As asserted by the author, it is for this reason that languages that rise out of pidgin do not suffer complications by “Dammit” moments (p 207).
A8. As stated by the author, it is agreeable that communication would be much simpler if there were no evidentiary markers. Incidentally, humans’ need for expression and exchange leads to overgrowth of languages regardless of interests (p. 215). When their state is natural, acquisition of different languages is complicated by sludge and fluffs, specifically to those whose efforts are concerted towards overcoming these challenges. Communication between a huge group of different people can be made easier by simplifying languages to their lowest denominators. Better communication would bring better understanding and reduce hostility that commonly arises. It must, however, be noted that if these markers lacked in communication, it will be hard to distinguish the origins of different languages and what would remain after sometime would be the common elements.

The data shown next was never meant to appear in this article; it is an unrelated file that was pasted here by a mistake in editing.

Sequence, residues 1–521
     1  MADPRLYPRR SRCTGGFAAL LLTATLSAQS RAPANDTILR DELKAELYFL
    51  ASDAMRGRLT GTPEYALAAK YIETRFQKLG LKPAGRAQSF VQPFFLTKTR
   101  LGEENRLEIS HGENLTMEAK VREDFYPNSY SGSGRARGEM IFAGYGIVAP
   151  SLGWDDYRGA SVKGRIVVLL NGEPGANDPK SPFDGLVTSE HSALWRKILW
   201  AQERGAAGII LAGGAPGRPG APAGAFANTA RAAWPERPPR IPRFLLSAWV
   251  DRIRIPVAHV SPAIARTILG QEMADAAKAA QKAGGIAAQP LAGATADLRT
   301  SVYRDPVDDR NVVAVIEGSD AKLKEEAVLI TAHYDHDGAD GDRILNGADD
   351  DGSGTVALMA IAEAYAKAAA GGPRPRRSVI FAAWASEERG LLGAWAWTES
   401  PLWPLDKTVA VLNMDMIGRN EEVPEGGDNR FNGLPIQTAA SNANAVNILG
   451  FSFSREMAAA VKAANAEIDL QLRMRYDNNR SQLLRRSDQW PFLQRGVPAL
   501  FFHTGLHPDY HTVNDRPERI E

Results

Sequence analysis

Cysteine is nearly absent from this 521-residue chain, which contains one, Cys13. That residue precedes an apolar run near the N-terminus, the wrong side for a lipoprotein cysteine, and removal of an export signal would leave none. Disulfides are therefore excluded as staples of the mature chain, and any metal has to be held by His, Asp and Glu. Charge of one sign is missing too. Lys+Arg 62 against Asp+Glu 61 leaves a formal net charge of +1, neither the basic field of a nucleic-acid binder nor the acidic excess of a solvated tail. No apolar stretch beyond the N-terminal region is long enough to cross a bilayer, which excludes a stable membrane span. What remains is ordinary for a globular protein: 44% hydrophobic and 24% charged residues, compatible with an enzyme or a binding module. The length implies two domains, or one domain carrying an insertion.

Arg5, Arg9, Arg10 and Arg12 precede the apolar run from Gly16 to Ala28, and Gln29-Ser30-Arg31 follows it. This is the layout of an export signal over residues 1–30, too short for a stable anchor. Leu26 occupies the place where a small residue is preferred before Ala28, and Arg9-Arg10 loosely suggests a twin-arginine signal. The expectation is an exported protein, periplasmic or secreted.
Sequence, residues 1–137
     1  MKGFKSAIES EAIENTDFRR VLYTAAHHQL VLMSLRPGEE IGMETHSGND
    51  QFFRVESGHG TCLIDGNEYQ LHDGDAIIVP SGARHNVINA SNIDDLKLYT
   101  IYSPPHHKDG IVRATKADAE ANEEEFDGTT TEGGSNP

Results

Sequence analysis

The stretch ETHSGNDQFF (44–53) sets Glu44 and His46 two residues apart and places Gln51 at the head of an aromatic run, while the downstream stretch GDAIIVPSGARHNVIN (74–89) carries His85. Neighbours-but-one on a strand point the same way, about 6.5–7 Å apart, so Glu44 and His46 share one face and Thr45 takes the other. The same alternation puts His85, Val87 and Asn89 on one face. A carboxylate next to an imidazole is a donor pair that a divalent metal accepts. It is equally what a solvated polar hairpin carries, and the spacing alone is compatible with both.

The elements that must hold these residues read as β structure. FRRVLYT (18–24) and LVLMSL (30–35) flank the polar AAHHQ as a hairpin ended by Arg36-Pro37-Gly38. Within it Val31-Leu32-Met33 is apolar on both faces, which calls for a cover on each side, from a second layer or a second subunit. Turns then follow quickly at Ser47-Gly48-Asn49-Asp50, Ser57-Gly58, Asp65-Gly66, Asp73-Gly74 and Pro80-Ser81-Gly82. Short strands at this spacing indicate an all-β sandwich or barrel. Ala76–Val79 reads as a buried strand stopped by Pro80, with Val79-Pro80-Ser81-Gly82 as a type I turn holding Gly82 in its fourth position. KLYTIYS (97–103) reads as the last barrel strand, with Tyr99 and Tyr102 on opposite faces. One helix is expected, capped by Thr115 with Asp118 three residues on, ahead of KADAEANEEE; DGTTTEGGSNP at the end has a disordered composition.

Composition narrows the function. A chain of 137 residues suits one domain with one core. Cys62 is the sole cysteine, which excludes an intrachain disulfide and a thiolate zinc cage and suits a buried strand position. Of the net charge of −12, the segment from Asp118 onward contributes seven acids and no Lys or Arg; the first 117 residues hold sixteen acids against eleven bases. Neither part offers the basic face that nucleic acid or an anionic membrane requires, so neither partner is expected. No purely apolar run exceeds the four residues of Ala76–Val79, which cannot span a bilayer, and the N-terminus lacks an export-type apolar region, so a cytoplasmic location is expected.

A10. As argued by McWholer in his book, the original context of a language is what sets a language’s tone and the tone cannot exist without it. Without the presence of tone infused words, originally languages still functioned. Presently it is by happenstances of accidental permutation that they occur. The importance of this argument is such that languages occur within a basic and defined set up that work with no superfluous structure variations. Such are foundational rules as they do not depend on tone or